I was going to use a joke about a popular Swedish pop band, but they’ve been taken. So, the winner really does take it all I suppose.
Nevertheless, let’s get down to it. Last week, it was confirmed that the EFL will be trialling the new penalty shootout system which has already been trialled in various men’s and women’s international tournaments such as the Under-17 European Championship and the Under-19 European Championships. The first ABBA formatted shootout taking place between Germany and Norway during the Women’s Under-19 European Championship semi-final.
But what I want to find out is, will there be a difference?
Let’s see. We know that the current shootout format is AB, AB. But with the trialled version being rolled out into the club scene, does that see Team A being under more pressure than Team B? Who knows? My guess is that it will as the current format sees Team B being under more pressure to score.
IFAB (International Football Association Board) thought up the process after they felt that it wasn’t fair for Team B to always have to play catch up. Now, with that reasoning, I find a bit of contradiction. With ABBA at the trial phase, doesn’t that mean Team A is having to play catch up? Or am I just confusing myself?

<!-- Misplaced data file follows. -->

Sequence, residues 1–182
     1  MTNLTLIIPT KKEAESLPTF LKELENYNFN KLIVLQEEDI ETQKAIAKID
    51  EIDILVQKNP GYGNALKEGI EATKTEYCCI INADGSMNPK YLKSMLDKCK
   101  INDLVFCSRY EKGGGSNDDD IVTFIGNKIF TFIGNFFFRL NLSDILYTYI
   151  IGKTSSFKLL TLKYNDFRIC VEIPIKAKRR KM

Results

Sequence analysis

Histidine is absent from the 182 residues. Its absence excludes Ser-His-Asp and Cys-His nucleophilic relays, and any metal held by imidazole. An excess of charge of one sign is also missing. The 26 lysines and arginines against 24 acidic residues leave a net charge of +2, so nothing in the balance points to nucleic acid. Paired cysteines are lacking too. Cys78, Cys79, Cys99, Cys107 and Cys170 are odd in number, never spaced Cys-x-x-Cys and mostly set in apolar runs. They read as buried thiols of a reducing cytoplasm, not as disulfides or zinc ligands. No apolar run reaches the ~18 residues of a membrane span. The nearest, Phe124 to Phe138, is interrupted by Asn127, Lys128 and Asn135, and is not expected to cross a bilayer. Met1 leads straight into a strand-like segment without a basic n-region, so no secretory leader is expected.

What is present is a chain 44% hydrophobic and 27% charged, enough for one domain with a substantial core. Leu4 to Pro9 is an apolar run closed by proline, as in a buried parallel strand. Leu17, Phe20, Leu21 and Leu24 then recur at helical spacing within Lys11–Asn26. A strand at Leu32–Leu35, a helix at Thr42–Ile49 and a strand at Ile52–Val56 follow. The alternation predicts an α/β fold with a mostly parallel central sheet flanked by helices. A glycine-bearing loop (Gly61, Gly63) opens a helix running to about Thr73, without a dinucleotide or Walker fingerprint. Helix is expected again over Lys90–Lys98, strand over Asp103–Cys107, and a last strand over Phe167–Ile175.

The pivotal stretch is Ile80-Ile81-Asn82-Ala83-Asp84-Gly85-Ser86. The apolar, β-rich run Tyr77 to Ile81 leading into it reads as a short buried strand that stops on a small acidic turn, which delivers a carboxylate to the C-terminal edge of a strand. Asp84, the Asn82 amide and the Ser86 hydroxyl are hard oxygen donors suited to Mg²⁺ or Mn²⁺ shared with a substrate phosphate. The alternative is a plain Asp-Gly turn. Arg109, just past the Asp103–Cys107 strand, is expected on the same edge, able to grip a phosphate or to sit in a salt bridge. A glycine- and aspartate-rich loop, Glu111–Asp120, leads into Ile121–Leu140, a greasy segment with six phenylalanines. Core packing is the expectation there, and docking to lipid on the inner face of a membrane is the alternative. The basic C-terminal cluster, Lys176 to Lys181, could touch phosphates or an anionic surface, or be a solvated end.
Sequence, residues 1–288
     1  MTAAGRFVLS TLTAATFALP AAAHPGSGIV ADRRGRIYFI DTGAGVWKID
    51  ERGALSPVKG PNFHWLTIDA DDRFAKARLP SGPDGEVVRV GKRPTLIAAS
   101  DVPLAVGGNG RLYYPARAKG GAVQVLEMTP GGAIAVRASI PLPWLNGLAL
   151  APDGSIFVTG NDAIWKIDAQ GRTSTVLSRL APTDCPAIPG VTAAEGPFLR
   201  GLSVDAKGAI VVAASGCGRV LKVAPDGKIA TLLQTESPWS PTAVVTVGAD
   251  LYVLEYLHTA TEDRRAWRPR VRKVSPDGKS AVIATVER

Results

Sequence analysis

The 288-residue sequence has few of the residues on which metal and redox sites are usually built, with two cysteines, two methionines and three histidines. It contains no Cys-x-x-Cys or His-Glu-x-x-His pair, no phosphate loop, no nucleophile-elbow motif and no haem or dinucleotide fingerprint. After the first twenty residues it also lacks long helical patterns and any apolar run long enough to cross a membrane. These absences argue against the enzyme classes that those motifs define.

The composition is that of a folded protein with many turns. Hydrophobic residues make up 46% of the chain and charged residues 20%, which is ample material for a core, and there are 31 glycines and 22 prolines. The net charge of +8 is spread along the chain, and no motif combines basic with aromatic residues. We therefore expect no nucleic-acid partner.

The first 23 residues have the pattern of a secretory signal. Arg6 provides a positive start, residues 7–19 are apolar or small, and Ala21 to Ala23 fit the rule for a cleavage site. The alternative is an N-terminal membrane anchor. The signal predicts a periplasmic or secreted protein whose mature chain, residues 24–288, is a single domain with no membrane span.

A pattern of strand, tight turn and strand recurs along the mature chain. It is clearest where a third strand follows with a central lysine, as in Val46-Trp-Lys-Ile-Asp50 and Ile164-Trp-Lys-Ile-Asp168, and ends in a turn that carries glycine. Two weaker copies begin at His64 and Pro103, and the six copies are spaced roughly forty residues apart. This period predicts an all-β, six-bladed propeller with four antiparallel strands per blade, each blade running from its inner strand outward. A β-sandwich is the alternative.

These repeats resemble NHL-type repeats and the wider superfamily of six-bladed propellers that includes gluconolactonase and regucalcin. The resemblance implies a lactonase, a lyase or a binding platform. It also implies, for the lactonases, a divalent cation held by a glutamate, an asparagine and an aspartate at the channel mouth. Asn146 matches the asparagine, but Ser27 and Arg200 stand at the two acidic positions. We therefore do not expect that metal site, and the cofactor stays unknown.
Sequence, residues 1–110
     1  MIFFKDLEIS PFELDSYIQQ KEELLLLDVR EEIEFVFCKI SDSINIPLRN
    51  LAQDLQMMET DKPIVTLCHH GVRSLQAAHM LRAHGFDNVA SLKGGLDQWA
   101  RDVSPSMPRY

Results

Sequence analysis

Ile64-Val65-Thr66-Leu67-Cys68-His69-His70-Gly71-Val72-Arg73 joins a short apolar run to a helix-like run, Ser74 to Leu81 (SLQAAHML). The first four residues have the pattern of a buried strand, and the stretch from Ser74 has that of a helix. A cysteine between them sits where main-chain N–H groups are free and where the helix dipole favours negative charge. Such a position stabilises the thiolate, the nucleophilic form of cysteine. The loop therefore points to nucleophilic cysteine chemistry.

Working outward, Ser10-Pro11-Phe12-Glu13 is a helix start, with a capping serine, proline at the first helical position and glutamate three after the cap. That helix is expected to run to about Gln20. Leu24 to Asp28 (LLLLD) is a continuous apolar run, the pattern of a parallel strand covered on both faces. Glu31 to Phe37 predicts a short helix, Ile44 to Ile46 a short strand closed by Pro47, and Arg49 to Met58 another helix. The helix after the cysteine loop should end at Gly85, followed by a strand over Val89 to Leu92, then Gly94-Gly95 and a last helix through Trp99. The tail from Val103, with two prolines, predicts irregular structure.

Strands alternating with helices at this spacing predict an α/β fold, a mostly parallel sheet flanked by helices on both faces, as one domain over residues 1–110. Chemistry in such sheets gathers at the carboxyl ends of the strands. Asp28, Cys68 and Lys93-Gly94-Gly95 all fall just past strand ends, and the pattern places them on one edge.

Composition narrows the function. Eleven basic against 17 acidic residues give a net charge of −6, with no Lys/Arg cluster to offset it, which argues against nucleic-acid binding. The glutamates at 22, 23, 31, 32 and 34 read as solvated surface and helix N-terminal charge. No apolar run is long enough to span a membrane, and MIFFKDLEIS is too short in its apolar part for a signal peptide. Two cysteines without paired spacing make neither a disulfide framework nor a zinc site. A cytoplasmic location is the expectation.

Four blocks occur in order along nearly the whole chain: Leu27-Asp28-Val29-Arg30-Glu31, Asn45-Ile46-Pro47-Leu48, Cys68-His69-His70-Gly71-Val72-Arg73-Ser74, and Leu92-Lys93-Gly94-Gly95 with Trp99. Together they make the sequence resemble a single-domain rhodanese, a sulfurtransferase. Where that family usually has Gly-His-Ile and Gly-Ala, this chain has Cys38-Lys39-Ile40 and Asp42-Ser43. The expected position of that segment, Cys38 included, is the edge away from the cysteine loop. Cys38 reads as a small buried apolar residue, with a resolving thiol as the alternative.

Research suggests that teams going first win 60% of shootouts, something IFAB trying to “combat”. Although that’s been found out to be true, will the momentum now shift from Team A to Team B?
Having watched the Community Shield at the weekend, I found that the trialled format has a massive difference in comparison to the original format. The momentum shifted from Chelsea to Arsenal as they had the upper hand. With the original format, Antonio Conte’s side would’ve had the upper hand.
So, what do you make of the trialled format? Do you like the fact that “Team B” has the upper hand, or do you think “whatever doesn’t need fixing, shouldn’t be broken”? Personally, I not necessarily against the trialled format, but I do prefer the original. However, I’m all for trying new things, as its looks as though they’ve changed their minds, and taken a chance on it.
Personally, I am not necessarily against the trialled format, but I do prefer the original. However, I’m all for trying new things and it seems that IFAB have taken a chance on it.
One more thing I’d like to add. We all know England’s record in shootouts, having not won from the spot since the quarter-finals of the European Championship in 1996. Will the new format be a help? We’ll have to find out…